The view from back here. [But mostly the smells.]

Just back from our whirlwind tour of southern film festivals, Eric and I took the opportunity to jump on the Harley for a crisp ride to New Harmony.  For riders, April [hallelujah!] means the opening of a new riding season as we look expectantly at each five-day forecast for bare-minimum temperatures that will provide a window to hit the road.

Five years ago, that was 45 degrees. The threshold seems to climb higher with each passing year.

My highly scientific calculation for rider comfort is this:  subtract 20 degrees from the actual air temperature and that’s what it feels like on the Harley.  It’s kind of like figuring wind chill but much less picky.  And scientific, truth be told. For example, if the air temp is 65 degrees and the sun is shining, I can layer up enough to be cozy on the motorcycle.  Much colder than that, I’m going to freeze.

This also explains why you may be comfortably riding with windows down in your car but pass a rider layered in leather.  Sixty-five degree air hitting your face at 65 miles per hour is chil-ly.

Now back to my story…

We try to ride at least once each month through the winter season but those rides are mostly for bravado and so that we can say we rode in January, February, and March.   Truth be told.

Yesterday was the perfect opportunity to have our first, REAL 2015 outing on the motorcycle.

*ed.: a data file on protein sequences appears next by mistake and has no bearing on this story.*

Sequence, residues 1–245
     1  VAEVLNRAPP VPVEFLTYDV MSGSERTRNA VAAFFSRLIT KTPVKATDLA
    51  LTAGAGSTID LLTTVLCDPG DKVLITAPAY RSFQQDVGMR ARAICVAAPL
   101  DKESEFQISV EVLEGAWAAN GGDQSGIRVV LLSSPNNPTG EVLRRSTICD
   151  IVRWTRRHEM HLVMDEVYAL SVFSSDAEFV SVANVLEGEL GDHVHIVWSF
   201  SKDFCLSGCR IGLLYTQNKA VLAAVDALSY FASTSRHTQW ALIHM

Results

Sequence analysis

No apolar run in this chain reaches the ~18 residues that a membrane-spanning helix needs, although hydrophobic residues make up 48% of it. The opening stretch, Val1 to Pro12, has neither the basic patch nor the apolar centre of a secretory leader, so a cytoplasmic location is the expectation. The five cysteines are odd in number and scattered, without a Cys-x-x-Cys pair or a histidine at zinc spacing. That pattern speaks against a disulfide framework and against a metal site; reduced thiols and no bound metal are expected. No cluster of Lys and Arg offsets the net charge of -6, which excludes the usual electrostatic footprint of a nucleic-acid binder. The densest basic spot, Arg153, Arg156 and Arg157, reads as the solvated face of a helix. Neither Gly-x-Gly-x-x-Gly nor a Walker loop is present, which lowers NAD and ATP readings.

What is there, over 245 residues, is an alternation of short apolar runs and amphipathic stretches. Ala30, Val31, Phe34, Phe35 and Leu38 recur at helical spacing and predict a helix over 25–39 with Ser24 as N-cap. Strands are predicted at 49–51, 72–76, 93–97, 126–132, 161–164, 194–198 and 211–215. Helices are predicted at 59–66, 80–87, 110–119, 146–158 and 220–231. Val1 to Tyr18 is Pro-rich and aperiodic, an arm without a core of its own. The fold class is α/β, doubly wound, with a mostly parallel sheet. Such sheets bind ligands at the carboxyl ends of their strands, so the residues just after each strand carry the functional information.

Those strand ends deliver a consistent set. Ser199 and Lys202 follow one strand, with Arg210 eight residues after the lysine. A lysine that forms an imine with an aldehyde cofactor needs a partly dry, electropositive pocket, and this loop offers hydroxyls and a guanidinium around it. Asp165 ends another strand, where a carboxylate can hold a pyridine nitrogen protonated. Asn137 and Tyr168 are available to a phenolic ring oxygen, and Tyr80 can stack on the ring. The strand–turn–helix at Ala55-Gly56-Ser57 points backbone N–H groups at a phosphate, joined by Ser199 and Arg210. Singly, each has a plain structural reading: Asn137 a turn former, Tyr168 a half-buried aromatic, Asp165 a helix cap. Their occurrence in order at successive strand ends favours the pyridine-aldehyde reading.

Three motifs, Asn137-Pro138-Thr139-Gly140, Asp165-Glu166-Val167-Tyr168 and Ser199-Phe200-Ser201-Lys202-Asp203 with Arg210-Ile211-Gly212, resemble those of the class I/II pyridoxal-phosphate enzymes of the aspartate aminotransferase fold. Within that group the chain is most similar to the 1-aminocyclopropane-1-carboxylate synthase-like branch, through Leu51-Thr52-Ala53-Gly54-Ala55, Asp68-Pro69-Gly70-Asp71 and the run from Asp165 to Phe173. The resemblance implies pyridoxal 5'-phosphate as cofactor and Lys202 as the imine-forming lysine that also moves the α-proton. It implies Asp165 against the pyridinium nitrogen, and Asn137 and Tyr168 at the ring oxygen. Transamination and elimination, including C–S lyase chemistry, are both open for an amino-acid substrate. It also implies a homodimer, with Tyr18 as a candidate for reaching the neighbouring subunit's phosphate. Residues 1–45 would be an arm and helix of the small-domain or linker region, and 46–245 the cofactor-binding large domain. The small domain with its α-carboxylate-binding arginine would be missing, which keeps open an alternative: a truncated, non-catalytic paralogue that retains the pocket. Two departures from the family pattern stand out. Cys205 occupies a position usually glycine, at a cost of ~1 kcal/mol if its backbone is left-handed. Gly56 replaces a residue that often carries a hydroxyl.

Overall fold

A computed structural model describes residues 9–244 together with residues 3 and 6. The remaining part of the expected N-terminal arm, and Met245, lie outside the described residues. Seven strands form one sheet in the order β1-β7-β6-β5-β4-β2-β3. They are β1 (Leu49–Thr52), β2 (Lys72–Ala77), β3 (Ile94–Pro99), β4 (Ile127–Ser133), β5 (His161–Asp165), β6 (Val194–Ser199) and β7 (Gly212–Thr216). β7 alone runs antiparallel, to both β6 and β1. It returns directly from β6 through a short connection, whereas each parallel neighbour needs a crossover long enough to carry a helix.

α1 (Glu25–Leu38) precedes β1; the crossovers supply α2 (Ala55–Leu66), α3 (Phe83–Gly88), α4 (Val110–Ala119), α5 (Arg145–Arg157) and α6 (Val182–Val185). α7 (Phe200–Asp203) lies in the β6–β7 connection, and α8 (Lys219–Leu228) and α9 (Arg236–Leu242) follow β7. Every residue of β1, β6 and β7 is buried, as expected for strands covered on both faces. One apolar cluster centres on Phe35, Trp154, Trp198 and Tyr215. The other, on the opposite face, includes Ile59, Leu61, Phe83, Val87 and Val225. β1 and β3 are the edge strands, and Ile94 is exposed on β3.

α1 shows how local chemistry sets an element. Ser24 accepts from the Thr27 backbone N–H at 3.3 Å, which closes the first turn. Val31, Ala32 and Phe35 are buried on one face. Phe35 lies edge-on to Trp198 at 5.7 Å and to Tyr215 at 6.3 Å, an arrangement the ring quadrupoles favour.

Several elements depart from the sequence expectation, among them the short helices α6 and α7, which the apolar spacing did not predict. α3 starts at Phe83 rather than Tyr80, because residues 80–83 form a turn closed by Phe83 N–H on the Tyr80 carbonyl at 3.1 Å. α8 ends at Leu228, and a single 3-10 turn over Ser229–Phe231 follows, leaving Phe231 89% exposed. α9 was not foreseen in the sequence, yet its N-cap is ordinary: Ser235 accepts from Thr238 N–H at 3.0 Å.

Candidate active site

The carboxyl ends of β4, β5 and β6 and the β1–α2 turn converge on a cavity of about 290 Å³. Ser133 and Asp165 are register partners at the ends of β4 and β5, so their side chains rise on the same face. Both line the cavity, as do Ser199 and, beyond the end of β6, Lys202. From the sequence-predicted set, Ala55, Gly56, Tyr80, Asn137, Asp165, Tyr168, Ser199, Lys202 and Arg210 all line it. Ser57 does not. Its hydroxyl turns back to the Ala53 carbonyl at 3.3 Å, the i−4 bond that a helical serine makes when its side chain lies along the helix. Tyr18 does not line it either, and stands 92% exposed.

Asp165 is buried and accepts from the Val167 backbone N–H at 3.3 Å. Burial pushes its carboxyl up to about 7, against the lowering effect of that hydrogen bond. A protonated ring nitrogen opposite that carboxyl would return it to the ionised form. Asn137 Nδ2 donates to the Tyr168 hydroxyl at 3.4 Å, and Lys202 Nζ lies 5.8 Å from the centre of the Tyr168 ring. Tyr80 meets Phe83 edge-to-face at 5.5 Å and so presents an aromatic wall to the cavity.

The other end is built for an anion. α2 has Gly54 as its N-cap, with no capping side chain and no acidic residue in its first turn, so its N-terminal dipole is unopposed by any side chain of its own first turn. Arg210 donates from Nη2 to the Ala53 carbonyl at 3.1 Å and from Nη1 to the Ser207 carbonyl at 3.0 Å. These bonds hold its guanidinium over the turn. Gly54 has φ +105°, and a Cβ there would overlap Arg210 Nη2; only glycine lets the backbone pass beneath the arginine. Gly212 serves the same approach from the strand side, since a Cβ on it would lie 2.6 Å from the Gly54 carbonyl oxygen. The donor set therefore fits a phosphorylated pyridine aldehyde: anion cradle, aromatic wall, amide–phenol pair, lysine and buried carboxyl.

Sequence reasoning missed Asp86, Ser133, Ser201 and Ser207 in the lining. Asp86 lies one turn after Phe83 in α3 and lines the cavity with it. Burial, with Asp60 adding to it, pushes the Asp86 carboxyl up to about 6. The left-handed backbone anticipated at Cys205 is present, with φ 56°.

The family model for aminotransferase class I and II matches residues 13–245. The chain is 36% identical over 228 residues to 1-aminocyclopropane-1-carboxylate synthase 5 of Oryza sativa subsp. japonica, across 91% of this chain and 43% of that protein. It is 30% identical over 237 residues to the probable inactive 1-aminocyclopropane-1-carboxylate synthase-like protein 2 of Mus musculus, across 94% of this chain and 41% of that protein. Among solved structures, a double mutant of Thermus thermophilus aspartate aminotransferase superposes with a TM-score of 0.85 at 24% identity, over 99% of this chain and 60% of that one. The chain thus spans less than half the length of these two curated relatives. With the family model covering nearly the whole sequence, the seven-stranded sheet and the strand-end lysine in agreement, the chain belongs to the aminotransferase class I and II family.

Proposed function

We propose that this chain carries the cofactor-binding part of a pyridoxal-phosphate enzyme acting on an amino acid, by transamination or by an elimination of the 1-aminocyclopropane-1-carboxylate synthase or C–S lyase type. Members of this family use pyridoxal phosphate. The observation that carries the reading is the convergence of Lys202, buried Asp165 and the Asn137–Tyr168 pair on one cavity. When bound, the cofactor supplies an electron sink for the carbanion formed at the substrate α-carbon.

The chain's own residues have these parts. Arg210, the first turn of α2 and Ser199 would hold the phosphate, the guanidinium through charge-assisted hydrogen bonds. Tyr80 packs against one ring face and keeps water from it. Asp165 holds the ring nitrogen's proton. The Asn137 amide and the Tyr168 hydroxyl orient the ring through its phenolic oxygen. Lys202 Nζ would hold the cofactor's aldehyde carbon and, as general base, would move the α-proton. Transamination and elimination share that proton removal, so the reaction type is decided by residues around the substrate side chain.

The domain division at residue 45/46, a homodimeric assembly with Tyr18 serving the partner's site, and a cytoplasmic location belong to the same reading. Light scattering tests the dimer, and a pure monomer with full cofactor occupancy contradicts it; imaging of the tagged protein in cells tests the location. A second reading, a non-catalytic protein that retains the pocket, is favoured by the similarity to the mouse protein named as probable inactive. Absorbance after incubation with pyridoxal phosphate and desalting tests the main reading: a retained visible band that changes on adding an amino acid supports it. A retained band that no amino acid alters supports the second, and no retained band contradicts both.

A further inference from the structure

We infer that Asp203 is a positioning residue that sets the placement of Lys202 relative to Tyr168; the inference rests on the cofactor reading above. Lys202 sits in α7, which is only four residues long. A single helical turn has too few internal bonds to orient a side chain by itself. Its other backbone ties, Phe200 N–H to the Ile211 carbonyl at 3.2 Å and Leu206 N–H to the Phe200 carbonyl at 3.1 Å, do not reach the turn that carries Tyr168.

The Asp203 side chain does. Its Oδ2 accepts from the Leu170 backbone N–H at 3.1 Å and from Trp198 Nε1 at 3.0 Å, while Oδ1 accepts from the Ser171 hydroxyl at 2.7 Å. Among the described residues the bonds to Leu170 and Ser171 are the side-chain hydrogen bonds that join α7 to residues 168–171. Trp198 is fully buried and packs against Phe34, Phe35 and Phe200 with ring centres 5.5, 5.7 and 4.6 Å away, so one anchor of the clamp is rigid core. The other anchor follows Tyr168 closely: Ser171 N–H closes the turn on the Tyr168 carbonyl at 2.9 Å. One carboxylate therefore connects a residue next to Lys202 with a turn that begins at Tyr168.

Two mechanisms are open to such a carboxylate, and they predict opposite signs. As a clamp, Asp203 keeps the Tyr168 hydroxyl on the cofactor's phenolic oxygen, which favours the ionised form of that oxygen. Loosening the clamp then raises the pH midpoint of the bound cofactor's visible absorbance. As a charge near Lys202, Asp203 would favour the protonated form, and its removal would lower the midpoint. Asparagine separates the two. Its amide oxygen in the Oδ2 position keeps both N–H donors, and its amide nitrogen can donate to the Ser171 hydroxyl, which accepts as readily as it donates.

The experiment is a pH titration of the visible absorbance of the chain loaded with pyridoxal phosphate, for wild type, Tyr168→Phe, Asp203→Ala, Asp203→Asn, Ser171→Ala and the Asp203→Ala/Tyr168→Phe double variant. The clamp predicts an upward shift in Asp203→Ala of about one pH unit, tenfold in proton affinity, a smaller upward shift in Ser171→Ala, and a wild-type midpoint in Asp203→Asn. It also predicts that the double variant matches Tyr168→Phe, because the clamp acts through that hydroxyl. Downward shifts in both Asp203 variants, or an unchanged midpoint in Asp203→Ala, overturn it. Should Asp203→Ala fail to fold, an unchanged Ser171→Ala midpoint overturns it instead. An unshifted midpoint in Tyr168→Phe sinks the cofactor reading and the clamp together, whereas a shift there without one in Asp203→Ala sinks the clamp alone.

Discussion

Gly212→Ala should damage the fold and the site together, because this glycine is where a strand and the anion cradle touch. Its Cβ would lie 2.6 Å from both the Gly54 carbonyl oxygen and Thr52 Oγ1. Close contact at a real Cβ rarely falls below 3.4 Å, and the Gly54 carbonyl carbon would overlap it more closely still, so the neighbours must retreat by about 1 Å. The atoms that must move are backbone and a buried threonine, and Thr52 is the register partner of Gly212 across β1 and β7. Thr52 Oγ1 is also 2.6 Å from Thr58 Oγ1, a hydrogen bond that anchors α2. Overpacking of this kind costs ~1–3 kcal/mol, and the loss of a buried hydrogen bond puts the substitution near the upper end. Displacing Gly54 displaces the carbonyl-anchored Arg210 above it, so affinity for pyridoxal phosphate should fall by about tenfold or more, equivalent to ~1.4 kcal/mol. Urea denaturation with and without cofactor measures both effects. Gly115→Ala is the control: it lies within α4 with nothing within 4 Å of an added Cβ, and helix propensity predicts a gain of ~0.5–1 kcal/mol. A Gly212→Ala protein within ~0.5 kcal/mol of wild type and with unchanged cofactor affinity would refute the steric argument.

so.  much.  fun.

From the back seat, these are the season-specific, olfactory souvenirs I put in my virtual scrapbook for 4/26/15:

Fresh cut grass mixed with wild onions

Blooming bearded irises

Freshly churned farm fields

Fertilizer

Wafting wood smoke from winter-weary burn piles

And just south of Poseyville, the Wehmer Hamps Hog Farm.  Even that is a symphony to my nose.

That’s the thing that motorcycle riding, as a passenger, does for me.  I see everything without a frame, and I smell EVERYTHING- the good, the bad, and the ugly without a filter.  A 365-degree view of life and living, and all the wonder, joy, [and yes] smells that each season brings.   I hope to reflect even more on that this year.

Just a reminder:  As the temperatures warm, more and more people you love are unplugging their battery tenders and are hitting the pavement.  [I also offer this PSA for all my friends on bikes without motors.]  LOOK BEFORE YOU PULL OUT.  BOTH WAYS.  TWICE.  PLEASE.  A (very nice, I’m sure) gentleman got a wag of my gloved finger yesterday at the corner of Indiana 66 and First Avenue.

Mom, it wasn’t that finger.

Further, don’t forget to review last year’s post titled What to Say to a Motorcycle Rider so that all the HOGs in your life remain your loving friends.

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